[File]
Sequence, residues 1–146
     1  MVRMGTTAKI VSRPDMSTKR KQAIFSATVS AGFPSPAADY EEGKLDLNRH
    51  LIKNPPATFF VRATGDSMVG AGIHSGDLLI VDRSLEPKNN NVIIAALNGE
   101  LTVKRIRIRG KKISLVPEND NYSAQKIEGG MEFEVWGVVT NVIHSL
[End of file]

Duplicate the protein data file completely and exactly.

Sequence, residues 1–146
     1  MVRMGTTAKI VSRPDMSTKR KQAIFSATVS AGFPSPAADY EEGKLDLNRH
    51  LIKNPPATFF VRATGDSMVG AGIHSGDLLI VDRSLEPKNN NVIIAALNGE
   101  LTVKRIRIRG KKISLVPEND NYSAQKIEGG MEFEVWGVVT NVIHSL